When first published in 1953, The World in the Evening was notable for its clear-eyed depiction of European and American mores, sexuality, and religion. Against the backdrop of World War II, the novel charts the emotional development of Stephen Monk, an aimless Englishman living in California. Keep in mind we had this to say of Isherwood’s novel, “All this is a reassessment of experience- of the truth which hurts but also heals- and it is for the most part intense and immediate.”
By Velma Wallis
Publishes Nov. 5Two Old Women is based on an Athabascan Indian legend passed along for many generations from mothers to daughters of the upper Yukon River area in Alaska, this is the suspenseful, shocking, ultimately inspirational tale of two old women abandoned by their tribe during a brutal winter famine. As we wrote upon its publication in Oct., 1993, “Full of adventure, suspense, and obstacles overcome--an octogenarian version of Thelma and Louise triumphant.”
Translated by Jonathan Franzen
Publishes Oct. 1
In The Kraus Project Jonathan Franzen presents his definitive new translations of Karl Kraus, but annotates them spectacularly with supplementary notes from the Kraus scholar Paul Reitter and the Austrian author Daniel Kehlmann. One hundred years ago, the Viennese satirist Kraus was among the most penetrating and farsighted writers in Europe. He had a fervent following, which included Franz Kafka and Walter Benjamin, however he remained something of a lonely prophet, and few people today are familiar with his work.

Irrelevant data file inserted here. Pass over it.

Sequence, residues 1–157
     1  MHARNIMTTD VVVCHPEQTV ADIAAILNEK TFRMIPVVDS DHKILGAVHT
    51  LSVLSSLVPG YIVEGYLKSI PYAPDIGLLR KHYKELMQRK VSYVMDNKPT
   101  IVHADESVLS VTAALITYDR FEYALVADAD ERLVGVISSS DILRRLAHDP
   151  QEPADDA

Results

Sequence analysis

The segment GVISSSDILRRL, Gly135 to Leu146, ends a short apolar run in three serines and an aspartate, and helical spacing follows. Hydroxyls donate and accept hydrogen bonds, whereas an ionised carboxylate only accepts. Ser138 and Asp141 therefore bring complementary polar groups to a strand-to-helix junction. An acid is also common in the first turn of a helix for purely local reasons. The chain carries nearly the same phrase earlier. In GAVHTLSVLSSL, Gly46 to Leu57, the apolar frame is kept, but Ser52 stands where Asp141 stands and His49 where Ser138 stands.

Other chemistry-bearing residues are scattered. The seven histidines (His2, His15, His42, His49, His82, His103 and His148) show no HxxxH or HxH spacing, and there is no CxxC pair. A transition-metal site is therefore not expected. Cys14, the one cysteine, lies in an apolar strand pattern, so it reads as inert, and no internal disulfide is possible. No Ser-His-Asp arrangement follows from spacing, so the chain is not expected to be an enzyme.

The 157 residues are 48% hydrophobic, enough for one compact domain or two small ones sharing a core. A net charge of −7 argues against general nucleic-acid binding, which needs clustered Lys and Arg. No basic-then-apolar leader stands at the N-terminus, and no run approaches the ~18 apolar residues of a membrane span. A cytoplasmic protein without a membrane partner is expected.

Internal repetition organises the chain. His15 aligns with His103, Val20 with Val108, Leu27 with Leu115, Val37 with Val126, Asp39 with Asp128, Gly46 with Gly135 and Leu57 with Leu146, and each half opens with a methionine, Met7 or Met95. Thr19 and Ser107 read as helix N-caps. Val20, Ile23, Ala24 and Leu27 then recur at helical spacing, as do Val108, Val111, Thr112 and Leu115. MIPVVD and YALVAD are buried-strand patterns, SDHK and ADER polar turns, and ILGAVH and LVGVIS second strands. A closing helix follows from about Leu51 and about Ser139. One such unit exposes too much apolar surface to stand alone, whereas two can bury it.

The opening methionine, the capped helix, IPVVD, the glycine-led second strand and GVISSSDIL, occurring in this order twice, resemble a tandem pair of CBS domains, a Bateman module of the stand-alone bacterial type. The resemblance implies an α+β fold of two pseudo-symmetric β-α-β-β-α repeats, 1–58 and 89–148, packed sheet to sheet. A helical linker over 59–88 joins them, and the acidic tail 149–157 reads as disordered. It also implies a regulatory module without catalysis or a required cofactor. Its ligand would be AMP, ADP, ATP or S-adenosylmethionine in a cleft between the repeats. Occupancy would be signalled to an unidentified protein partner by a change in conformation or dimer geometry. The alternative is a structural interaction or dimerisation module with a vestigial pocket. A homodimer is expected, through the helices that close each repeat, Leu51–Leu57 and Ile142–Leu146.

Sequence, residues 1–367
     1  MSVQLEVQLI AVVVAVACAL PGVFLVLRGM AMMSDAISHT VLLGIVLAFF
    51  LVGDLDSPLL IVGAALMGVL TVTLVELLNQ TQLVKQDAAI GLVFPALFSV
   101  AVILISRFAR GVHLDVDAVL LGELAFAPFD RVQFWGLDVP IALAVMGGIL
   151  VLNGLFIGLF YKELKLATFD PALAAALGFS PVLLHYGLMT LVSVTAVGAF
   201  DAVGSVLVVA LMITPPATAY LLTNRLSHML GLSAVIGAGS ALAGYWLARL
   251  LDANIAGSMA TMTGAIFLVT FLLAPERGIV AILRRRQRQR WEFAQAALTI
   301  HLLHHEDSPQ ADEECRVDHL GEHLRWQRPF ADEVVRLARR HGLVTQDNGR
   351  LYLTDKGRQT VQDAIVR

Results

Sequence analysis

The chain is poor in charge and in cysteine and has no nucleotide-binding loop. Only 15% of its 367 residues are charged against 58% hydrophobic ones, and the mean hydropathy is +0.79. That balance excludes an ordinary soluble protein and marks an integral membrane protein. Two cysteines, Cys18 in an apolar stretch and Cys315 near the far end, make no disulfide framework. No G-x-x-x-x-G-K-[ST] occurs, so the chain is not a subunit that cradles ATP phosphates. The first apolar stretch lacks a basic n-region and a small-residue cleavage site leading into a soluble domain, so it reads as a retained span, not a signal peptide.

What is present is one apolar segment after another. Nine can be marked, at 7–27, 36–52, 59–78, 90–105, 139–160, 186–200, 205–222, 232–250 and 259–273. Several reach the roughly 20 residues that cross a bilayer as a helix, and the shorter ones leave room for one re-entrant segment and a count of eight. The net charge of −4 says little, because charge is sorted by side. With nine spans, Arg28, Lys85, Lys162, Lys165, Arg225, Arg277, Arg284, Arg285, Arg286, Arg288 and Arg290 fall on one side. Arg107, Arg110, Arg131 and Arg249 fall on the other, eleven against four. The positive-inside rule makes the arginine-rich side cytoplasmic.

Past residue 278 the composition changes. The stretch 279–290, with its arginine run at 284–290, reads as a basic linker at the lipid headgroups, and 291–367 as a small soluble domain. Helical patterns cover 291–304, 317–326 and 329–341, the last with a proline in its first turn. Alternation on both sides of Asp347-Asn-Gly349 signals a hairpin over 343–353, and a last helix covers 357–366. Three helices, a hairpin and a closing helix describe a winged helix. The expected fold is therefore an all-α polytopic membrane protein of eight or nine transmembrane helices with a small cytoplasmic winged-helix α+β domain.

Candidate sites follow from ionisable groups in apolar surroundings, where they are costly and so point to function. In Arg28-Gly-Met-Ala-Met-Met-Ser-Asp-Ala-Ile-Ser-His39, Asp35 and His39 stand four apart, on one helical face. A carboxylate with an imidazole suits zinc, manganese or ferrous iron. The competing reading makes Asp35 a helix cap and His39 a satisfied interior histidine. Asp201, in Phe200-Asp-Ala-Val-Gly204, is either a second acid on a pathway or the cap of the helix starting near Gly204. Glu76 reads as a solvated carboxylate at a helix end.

By Giovanni Boccaccio
Translated by Wayne A. Rebhorn
Published Sept. 16
Published on the 700th anniversary of Boccaccio’s birth, Wayne A. Rebhorn's translation of The Decameron introduces a new generation to the witty, earthy and bawdy irreverence the The Decameron offers. An extensive introduction provides useful details about Boccaccio's historical and cultural milieu, the themes and particularities of the text and the lines of influence flowing into and out of this monolith of world literature. We write in our Aug. review, “Rebhorn capably represents Boccaccio’s humor and sharp intelligence.”
All the Odes: Bilingual Edition